Jump Start # 2384
Jump Start # 2384
Jonah 1:3 “But Jonah rose up to flee to Tarshish from the presence of the Lord. So he went down to Joppa, found a ship which was going to Tarshish, paid the fare, and went down into it to go with them to Tarshish from the presence of the Lord.”
Jonah in July—that’s the name of a series I’m preaching on Sundays. We love the story of Jonah. It’s a favorite for VBS. This short book is more about the prophet than it is his message or the people he preached to. There are layers of lessons tucked throughout Jonah and I thought on Mondays in July, I’d share some Jonah thoughts with you.
The story is pretty simple. God tells the prophet to go preach to Nineveh. Jonah doesn’t want to, so he goes the other way. A great wind. A great storm. And, Jonah is tossed overboard. A great fish swallows Jonah and three days later spits him out on dry land. Jonah goes and preaches. He sits and pouts because he knows God will be gracious to them.
A couple of things we need to remember. First, this isn’t in our Bibles so we’d have something to teach the kids in Bible class. That’s not the direction nor the intention. It is as valuable of a prophetic book as Isaiah, Jeremiah or Ezekiel is.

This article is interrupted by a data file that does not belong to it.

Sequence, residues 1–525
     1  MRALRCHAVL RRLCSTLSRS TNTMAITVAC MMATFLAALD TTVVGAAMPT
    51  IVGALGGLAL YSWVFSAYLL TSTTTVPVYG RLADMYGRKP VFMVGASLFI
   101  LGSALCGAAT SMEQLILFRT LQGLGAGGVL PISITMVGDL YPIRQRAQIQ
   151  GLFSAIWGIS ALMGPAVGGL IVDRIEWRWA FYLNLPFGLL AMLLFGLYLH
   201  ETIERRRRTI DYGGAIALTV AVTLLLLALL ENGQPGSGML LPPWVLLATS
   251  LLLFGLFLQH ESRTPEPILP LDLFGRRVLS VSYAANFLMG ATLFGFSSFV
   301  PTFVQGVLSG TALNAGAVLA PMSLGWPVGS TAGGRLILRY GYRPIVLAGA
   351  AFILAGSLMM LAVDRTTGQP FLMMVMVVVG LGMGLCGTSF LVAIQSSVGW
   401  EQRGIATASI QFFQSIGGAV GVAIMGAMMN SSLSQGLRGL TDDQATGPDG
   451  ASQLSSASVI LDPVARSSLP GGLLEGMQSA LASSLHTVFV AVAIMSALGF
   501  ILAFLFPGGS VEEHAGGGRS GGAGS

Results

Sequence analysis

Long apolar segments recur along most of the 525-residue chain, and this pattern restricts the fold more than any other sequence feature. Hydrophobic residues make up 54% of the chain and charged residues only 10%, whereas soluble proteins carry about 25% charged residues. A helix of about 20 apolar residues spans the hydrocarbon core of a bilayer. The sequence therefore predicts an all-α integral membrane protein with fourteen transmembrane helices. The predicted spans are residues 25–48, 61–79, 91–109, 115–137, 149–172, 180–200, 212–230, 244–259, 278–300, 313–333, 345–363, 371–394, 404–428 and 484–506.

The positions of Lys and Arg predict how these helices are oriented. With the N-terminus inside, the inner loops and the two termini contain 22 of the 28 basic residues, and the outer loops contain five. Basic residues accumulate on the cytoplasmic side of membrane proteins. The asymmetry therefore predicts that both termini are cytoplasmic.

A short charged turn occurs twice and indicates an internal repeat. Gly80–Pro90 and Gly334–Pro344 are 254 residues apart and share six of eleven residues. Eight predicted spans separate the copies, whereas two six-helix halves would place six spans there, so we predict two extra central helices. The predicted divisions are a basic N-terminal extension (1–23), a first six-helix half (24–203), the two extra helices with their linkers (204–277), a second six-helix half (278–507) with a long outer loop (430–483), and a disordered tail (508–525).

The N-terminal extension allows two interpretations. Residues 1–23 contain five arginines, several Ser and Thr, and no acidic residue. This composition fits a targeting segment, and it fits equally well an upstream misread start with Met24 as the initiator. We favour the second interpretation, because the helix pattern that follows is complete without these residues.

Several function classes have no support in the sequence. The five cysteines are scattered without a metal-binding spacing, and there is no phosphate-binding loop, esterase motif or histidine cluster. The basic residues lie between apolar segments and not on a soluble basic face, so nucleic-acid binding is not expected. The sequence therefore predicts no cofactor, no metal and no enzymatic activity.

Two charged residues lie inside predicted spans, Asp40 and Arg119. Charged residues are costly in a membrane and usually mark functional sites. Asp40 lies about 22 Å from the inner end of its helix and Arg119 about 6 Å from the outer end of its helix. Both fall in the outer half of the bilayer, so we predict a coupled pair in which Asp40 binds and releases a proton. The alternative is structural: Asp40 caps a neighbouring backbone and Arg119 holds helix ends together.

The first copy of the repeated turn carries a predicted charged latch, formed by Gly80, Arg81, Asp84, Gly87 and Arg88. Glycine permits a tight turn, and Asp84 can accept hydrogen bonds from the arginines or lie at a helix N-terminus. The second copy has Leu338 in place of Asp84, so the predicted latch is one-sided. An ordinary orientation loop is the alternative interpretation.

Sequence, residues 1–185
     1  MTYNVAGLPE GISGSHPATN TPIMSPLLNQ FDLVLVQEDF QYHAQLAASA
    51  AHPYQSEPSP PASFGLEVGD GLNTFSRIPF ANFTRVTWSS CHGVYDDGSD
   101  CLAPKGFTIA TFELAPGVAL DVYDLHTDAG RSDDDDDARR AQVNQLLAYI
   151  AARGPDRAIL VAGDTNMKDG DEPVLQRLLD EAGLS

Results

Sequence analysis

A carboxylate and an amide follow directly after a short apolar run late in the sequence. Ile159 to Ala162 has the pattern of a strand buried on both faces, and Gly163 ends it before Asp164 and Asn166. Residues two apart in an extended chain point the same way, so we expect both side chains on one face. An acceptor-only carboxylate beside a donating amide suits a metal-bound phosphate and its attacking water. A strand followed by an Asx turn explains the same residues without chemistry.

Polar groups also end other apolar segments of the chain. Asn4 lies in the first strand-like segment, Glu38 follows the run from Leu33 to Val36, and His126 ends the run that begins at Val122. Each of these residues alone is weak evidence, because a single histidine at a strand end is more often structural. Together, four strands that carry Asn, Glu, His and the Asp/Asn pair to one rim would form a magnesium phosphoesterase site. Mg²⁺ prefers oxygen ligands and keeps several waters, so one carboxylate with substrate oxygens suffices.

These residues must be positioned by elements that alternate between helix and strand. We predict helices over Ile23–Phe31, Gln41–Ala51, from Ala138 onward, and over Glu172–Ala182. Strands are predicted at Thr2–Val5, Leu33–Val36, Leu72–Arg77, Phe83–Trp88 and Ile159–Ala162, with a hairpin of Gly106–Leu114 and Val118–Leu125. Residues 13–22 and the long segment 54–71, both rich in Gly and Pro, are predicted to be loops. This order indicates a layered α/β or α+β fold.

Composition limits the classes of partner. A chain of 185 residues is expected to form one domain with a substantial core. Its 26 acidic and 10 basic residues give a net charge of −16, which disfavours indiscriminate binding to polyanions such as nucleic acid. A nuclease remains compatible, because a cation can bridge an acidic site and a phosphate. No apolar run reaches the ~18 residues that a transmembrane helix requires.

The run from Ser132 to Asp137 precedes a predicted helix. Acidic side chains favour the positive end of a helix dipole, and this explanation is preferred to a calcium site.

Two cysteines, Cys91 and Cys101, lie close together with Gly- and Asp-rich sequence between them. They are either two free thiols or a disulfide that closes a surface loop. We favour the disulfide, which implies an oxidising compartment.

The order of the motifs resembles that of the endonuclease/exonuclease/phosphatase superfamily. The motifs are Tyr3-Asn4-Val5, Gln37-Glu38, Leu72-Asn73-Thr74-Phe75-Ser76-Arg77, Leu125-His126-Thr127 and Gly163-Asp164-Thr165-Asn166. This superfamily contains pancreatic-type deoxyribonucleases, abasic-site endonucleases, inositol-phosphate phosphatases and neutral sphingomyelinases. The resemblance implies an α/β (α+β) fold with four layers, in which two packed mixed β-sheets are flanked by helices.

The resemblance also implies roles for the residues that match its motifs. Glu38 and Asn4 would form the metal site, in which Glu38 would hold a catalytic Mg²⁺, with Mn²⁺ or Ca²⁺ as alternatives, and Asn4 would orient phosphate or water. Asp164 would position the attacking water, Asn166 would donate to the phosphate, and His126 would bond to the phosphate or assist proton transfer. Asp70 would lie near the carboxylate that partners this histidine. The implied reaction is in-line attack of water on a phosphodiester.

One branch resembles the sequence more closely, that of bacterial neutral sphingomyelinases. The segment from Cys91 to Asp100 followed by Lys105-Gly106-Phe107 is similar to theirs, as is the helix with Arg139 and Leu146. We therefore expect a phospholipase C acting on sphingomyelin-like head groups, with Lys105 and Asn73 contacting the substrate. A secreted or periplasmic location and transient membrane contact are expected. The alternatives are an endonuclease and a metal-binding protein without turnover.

Second, Jonah being swallowed by the giant fish wasn’t God’s unique way of punishing Jonah. If God wanted Jonah punished, He could have allowed the storm to destroy the boat or have Jonah drown when he was thrown overboard, or have any ole’ sea creature eat him. God wasn’t finished with Jonah. The fish to Jonah was what the pigs were to the prodigal. The giant fish was Jonah’s wake up call. In the first chapter, when the violent storm is nearly capsizing the boat, the sailors are praying. Jonah is sleeping. The captain wakes Jonah up with the plea to pray to his God. Jonah doesn’t pray. It’s not until he is inside the giant fish that he prays. God has a way of getting a person to change his mind. It was either repent or become fish food.
Our verse today illustrates two things running through Jonah’s mind.
First, he intended to go to Tarshish. I always thought he happened to find a boat that was heading there and that was good enough for him. Instead, “Jonah rose up to flee to Tarshish”. That was his destination. That’s where he wanted to go. Tarshish is in Spain. It was a long way from where Jonah was. I’m not sure how he knew or heard about this place, but that was his choice of places to go. Maybe he thought once he got there, it just wouldn’t be practical for God to bring him back to Nineveh. Adam and Eve thought they could hide from God. He knew where they were. Jonah is thinking that he can run away. God knew right where he was at, and no distance is too far for God.